5 Best Places to Advertise Your Business Online

Where you choose to advertise your business online should depend on the goals and the budget for your campaign.
Elizabeth Kellogg
By Elizabeth Kellogg
Edited by Christine Aebischer

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No matter how small your business's budget or how you decide to spend it, allotting some of your spend toward advertising your business online can be a smart move. If done properly, ads are targeted toward the ideal audience for your business, and that audience is (hopefully) ready to purchase. With that goal in mind, consider how these popular online platform can fit into your overall business marketing plan.

1. Google

All businesses should create a free Google business profile so they show up on Google Maps and when someone searches for comparable businesses nearby. For paid advertising, Google Ads is the top online advertising choice for companies of all shapes and sizes. Google captures more digital ad dollars than any other company in the nation (approximately 28.6% in 2021, compared to 23.8% by its closest rival — Facebook).

Google operates two ad networks: search and display. We’ll examine each in turn.

Google’s Search Network

This platform serves up the advertisements you see above or below your organic search results when you enter a query into google.com. They’re marked with the word “Ad.” Google decides which ads to show you based on a complex, real-time auction process for the “keywords” that people might type in the search bar.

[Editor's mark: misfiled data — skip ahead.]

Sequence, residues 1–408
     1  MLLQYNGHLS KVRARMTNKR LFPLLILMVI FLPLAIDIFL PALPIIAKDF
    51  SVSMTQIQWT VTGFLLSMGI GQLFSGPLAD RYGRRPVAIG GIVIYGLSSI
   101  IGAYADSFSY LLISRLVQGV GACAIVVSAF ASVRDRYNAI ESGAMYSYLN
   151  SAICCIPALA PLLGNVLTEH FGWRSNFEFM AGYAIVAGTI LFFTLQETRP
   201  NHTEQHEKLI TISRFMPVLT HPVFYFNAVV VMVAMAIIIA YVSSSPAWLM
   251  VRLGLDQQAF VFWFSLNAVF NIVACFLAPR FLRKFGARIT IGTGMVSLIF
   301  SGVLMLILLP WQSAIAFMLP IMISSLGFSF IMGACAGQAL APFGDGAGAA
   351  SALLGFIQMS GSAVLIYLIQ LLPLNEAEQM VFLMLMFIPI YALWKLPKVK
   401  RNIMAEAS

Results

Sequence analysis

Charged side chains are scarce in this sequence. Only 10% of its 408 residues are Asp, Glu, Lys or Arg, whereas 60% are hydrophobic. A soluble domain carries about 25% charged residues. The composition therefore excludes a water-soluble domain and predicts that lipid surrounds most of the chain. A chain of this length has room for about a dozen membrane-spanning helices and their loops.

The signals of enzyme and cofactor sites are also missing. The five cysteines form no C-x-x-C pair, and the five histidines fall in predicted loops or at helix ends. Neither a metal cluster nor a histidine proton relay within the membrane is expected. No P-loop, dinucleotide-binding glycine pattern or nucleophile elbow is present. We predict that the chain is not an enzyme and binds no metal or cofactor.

Google assigns an ever-changing value to each keyword based on how often the term is searched and how steep the competition is. Although you can participate in the keyword auction with a budget of any size, top bidders are more likely to have their ads shown.

To maximize your ad spend, look for keywords that are related to your product, are often searched and for which there is little competition.

Google’s Display Network

Google's Display Network involves a similar auction to the Search Network, but instead of vying for ad placements on google.com, you’re competing for written or video ad space on sites owned by Google other than google.com, or on third-party sites that Google has partnered with through acquisitions, like AdSense.

If you've ever searched for a product on google.com or visited a non-Google website only to later see an ad for that same product or webpage on an entirely unrelated, third-party site, then you've witnessed Google’s Display Network (or one of its competitors) in action. It uses a form of marketing called retargeting, where marketers attempt to sell you items based on your previous online actions.